40-42 William IV Street, WC2N 4DD
Tel: 020 7420 2050
Cost per person without wine: £36
IF THOSE strikes across the Channel are thwarting anyone’s plans for an autumnal French sojourn, don’t worry – France has come to London instead. Les Deux Salons is the latest place to be opened by chef Anthony Demetre and manager Will Smith, the duo behind the highly successful Soho restaurant Arbutus and Mayfair’s equally acclaimed Wild Honey – and it’s wildly, epically French, in the style of the grandest of Parisien brasseries.
The floor is a vast, black-and-white patterned mosaic; there’s dark wood everywhere topped with long brass rails – resolutely unpolished for that ancien look, according to Smith, who was on duty when we visited – and huge mirrors with mottled, faded glass. Above, lights glow atmospherically in glass orbs that overhang on brass stems. You half expect Toulouse Lautrec to waddle in accompanied by some high-kicking Pigalles maidens.
Somehow, this isn’t kitsch. Were it in Mayfair, it might be – a nostalgic wink and a knowing nod too far, perhaps. But in the West End, at the heart of a triangle linking Leicester Square, Trafalgar Square and Covent Garden, there’s nothing nostalgic or too knowing about it – Les Deux Salons feels joyful and energised, and full of theatreland cheer. Speaking of which, the theatre supper menu of three courses for £15.50 seems superlative value to me, and should help pack out the space, which includes an upstairs mezzanine level.
It’s a timely opening too – its friendly glow is all the more appealing as winter creeps in. Certainly more appealing than it was in a previous life as a Pitcher & Piano. This makes two new major restaurants this year – the other being Dean Street Town House – in former P&Ps, to which the response can only be: more, more!
The menu is extensive, divided brasserie-style into entrees, salads, soups, terrines, grill dishes, mains, plats du jour. Surprisingly, but thankfully, it’s all in English. The food is an elevated version of rustic French, with the odd Anglo element here and there – see the English brawn with pickled beetroot terrine, for instance.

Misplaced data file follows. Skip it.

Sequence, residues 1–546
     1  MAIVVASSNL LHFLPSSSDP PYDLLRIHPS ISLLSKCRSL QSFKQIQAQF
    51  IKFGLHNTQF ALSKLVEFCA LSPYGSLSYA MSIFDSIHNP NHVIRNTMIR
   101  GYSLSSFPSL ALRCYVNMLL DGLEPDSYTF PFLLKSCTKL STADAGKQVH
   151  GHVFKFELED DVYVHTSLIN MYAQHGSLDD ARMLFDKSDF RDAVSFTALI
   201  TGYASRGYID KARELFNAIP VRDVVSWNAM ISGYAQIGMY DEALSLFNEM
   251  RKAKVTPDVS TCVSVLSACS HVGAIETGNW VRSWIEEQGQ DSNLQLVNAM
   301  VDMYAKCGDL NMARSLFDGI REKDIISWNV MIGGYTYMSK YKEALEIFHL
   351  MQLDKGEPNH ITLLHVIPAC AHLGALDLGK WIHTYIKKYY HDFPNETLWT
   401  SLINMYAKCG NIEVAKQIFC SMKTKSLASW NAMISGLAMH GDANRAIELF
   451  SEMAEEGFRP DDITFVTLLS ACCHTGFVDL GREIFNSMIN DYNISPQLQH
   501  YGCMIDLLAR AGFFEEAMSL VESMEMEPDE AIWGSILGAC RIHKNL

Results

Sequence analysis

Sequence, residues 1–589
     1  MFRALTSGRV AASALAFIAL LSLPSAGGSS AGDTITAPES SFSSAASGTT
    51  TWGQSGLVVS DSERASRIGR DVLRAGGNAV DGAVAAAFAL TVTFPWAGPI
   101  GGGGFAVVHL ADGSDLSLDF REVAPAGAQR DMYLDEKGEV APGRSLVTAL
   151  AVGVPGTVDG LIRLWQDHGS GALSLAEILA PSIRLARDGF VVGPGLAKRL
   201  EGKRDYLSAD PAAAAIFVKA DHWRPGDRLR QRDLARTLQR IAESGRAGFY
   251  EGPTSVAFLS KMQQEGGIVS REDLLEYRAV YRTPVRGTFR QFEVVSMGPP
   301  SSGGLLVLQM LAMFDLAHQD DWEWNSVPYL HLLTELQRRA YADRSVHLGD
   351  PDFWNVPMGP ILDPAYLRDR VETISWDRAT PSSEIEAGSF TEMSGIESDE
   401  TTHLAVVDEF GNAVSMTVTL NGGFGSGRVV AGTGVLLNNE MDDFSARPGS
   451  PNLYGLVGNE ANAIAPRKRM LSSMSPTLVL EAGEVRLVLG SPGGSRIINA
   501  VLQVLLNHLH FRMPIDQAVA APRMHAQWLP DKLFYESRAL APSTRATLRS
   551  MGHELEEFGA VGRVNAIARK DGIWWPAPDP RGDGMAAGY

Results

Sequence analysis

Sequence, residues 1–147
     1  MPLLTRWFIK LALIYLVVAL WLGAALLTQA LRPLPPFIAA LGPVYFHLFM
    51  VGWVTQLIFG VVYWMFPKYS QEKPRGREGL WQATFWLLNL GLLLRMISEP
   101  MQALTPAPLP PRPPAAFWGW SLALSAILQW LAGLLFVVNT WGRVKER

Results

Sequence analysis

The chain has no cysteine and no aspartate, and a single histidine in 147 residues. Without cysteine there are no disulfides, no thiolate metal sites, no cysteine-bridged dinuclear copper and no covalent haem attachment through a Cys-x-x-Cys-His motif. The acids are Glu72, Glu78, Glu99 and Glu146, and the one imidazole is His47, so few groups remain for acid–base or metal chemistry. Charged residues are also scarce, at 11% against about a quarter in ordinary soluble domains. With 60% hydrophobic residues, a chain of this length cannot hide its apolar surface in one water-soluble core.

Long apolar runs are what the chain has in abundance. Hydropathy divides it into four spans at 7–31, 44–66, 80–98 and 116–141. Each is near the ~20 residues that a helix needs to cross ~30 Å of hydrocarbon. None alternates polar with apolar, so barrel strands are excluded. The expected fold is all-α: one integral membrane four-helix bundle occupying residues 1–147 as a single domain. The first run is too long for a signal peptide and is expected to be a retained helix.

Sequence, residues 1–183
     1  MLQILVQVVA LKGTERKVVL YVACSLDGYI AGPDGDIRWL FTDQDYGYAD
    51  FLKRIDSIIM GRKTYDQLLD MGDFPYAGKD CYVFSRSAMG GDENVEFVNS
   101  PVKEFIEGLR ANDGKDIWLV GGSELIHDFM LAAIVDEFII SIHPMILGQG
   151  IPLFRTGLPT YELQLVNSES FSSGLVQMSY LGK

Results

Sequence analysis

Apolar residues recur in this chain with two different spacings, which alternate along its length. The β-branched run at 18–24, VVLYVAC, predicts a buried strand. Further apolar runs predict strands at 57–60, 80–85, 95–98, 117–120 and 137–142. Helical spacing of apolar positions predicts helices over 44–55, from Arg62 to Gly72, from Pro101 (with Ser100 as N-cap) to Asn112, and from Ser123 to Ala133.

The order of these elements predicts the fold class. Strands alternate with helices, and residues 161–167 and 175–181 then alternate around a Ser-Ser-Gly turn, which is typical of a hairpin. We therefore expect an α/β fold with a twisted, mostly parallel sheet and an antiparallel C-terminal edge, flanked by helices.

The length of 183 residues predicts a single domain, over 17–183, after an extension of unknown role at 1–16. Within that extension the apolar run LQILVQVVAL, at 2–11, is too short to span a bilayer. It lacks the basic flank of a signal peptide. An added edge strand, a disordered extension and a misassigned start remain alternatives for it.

I started with a salt cod brandade served with a sauté of young squid and a parsley cromesqui, half out of curiosity to find out what a cromesqui is. It turned out to be a little croquette full of a lovely, strikingly green parsley sauce – pierce it and the sauce ouzes all over the tiny slithers of soft squid. Meanwhile a ravioli of pink veal – the thin strips of meat replacing the pasta – was folded around a creamy mixture of goats curd and dark cavolo nero cabbage. It was all delicious.
For mains, roast halibut with razor clams was a delight, the plump white halibut offset perfectly by the slidey, buttery loveliness of the little pieces of razor clam that were served in their long shell. A soft, moist-as-you-like pork belly arrived inside a ceramic pot, surrounded by lentils and vegetables which lapped up its deep juices. That pot wasn’t the only bit of kitchenware we saw – side vegetables came in a mini roasting dish, Dauphinois spuds (to die for) in a Borrowers-scale frying pan. It’s all rather jolly.
We shared a floating island dessert – a sweet mound of soft meringue hiding within it shards of sticky pink praline, adrift in a pool of crème anglaise – a heady, luxurious pleasure.
It’s a very good time for French food in London. In Knightsbridge, the earthy delights of sexegarian chef Pierre Koffmann have made his eponymous restaurant the year’s most lauded opening; that prize last year could have gone to Galvin La Chappelle, the Galvin brothers’ slice of Gallic sumptuousness by the City; just down the road from Les Deux Salons, the folk at wine bar- cum-bistro Terroirs take the heartiest French dishes and turn them into scrumptious tapas.
The good thing is, there’s always room for one more, and Les Deux Salons sits comfortably alongside those others.